ParaWOD 16.2: The struggle is real

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Over the last few years, I have avidly watched the CrossFit Games with my wife. I think because you’re literally watching the best of the best during the final competition, it is easy to miss the level of ‘elite’ that is on constant display. It is only until you try it for yourself where you begin to see the chasm between your own abilities and those athletes who are vying to contend for the championship. For example, you watch a guy like Dan Bailey roll through 16.2 and it gives you a radically superficial belief in yourself that, “Hey, I think getting into round 5 is a realistic goal for me.”

And then you start the workout.

The CrossFit Open is perhaps the only thing I’ve encountered in life that is both empowering and humbling at the same time, and 16.2 was no different.

For your recollection, the official 16.2 workout is thus:

  1. 25 toes-to-bars
  2. 50 double-unders
  3. 15 squat cleans, 135 / 85 lb

Time cap: 4 minutes.

If you finish that round, you get another 4 minutes to do the same number of T2B and DU’s, then your squat clean weight goes up while the reps go down.

The Rx adaptation by WheelWOD is thus:

  1. 15 (Male) / 7 (Female) Hanging Chair raises
  2. 50 (2-4-1) Battle ropes = 100 singles
  3. 12 Barbell Cleans from Floor, 55lbs (Male) /35lbs (Female)

If completed before 4 minutes, add 4 minutes to the clock and proceed to:

  1. 15 (Male) / 7 (Female) Hanging Chair raises
  2. 50 (2-4-1) Battle ropes = 100 singles
  3. 10 Barbell Cleans from Floor, 65lbs (Male) /40lbs (Female)

If completed before 8 minutes, add 4 minutes to the clock and proceed to:

  1. 15 (Male) / 7 (Female) Hanging Chair raises
  2. 50 (2-4-1) Battle ropes = 100 singles
  3. 8 Barbell Cleans from Floor, 75lbs (Male) /45lbs (Female)

And the weight keeps going up while the reps go down, all the way up to 20 minutes.

As I watched the WheelWOD demo, two things occurred to me.

  1. I’ve never done two of those movements (hanging chair raise, barbell cleans from floor);
  2. I can totally get into the 3rd round of this.

Why my confidence was so high, I have no idea. The hanging chair raise requires a group of muscles that I simply don’t have – abdominal and hip control. Furthermore, the barbell clean started at the weight I usually finish at – 55 lbs. Why I thought I could not only do 12 reps of that, but also include 2 more rounds afterward, well, chalk it up to the adrenaline and/or lack of sleep. Oddly enough, the one thing I didn’t worry about too much was the battle ropes.

Which brings us to the workout.

Let’s start with the positives. After practicing the movement one time, I discovered that I can actually do the hanging chair raise. Thanks to Impavidus Gym and their amazing gymnastics coach Tracey Kloes, over the past few weeks I’ve acquired much greater shoulder and torso movement, which allowed me to create a kipping motion that enabled me to do this movement.

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My ability to do this movement is a 100% victory for this workout. As a paraplegic with somewhere around a T5 or T6 injury, I shouldn’t be able to do this. Yet with the focus on gymnastic movement and shoulder mobility, this turned into the easiest movement for me during the workout. Things were looking up.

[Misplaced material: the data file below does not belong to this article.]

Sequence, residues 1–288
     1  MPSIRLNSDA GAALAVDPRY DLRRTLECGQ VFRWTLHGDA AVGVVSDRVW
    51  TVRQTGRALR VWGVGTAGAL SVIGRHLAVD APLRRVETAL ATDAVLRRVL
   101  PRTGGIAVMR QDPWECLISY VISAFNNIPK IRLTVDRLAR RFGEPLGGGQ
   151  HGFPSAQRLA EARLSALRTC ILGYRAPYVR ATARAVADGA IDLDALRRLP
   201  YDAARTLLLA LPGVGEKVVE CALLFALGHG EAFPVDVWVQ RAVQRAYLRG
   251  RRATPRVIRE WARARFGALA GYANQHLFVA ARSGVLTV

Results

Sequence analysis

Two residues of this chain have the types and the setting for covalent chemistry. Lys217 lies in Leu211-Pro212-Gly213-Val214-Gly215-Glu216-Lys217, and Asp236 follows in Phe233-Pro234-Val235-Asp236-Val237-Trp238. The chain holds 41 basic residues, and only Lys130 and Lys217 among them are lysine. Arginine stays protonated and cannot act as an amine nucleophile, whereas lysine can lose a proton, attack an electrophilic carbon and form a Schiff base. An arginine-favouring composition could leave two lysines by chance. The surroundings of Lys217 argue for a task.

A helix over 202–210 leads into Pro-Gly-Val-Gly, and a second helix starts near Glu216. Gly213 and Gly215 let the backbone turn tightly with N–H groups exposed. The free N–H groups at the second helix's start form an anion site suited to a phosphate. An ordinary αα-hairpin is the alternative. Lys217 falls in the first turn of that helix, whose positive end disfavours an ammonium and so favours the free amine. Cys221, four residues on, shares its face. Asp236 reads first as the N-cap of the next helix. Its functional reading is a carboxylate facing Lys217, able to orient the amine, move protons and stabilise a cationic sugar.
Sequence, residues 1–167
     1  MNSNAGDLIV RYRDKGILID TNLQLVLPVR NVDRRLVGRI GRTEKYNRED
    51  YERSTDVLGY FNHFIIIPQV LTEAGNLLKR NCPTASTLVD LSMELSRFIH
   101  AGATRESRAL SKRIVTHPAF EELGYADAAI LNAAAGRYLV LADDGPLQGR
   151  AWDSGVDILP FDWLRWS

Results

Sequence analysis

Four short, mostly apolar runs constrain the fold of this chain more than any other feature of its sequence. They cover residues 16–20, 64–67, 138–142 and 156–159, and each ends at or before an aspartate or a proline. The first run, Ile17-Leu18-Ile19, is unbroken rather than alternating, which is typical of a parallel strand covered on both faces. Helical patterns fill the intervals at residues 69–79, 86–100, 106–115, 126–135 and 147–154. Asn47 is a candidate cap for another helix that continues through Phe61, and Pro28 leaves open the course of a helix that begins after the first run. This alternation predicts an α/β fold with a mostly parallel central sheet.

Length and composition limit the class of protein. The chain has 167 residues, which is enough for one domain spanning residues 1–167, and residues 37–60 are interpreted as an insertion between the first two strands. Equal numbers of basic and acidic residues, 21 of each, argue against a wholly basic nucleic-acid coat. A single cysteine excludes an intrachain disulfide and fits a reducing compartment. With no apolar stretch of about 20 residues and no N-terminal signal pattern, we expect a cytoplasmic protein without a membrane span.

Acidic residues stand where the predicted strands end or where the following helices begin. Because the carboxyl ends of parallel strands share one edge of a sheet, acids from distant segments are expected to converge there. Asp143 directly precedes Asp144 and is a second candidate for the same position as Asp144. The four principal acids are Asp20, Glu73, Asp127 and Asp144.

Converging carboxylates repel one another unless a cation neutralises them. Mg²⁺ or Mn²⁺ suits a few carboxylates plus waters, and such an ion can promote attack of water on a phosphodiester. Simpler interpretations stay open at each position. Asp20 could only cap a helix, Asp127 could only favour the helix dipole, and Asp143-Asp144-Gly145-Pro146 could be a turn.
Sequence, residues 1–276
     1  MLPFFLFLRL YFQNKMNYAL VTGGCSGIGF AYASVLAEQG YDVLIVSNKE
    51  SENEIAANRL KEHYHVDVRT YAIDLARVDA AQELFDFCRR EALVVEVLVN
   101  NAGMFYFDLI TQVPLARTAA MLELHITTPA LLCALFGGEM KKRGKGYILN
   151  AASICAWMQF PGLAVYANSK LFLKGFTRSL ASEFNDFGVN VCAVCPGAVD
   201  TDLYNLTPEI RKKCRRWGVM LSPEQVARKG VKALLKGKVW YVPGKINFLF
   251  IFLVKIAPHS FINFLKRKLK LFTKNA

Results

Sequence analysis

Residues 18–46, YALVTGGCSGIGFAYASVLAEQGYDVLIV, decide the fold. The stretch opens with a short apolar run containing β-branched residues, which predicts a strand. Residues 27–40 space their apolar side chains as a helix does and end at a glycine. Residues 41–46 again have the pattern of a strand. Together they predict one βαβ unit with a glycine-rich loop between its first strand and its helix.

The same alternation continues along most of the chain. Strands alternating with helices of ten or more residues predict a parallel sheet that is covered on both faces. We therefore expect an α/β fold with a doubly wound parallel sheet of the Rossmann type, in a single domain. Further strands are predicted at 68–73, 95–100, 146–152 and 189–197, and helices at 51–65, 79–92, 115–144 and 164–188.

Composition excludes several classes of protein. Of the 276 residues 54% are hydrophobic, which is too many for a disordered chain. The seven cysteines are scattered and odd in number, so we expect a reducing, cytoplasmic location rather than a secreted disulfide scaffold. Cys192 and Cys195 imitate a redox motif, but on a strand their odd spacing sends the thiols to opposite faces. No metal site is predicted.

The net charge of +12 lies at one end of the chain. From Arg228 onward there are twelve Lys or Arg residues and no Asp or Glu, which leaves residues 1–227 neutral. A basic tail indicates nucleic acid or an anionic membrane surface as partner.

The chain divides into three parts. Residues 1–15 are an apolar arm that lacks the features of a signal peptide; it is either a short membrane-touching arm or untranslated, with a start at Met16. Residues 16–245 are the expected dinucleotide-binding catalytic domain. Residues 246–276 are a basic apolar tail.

Until the battle ropes. Oh my.

Perhaps it was my own hubris, but I wasn’t worried about those. It may be only because I had actually done them before, so I knew what was expected. Well, I was wrong on both counts, because I hadn’t done them to the degree that this workout requires, nor did I really understand what to expect. The battle ropes were my undoing.
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Sometimes, you have to deal with your equipment limitations. Our gym has plenty of climbing ropes, but no actual ‘battle ropes.’ So I have no idea whether the gear I was using were appropriate for the movement or not. What I do know is, in order to meet the 20′ rope requirement, I had to tie two ropes together, and this made the movement incredibly difficult and fatiguing, as the knot in the rope added additional weight to the movement as well as affected the physics transfer of energy. The result was not only that too much time was taken, but I had little energy left for the clean movement.

As I mentioned, the starting weight of 55lbs is usually the weight I stop at during normal CrossFit classes. The reason why is that I have no muscle control over my lower back or any hip extension. The movement is purely a pull from my lap and the hope to get the barbell high enough to bring my elbows underneath.
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With the energy and time I had left, I only got 4 reps on this final round.

Afterward, my coaches talked to me a bit about the purpose of the Open – for the vast majority of us, its purpose is to test us. How can we handle a workout going in cold? With no preparation? For new and different movements? How can it test us in the areas where we aren’t prepared? Where will we surprise ourselves?

With that in mind, as frustrating as the latter two movements were for me in 16.2, the first one is a revelation. Not only that, but all three movements will change my workouts going forward. The toe-to-bar will become the chair raise, double-unders will become battle ropes, and the clean will always start from the floor.

Much thanks to Impavidus Gym and Coaches Doug Naquin, Jason Kitchens, and the dashing Brad Bunde for all of their help.

On to 16.3!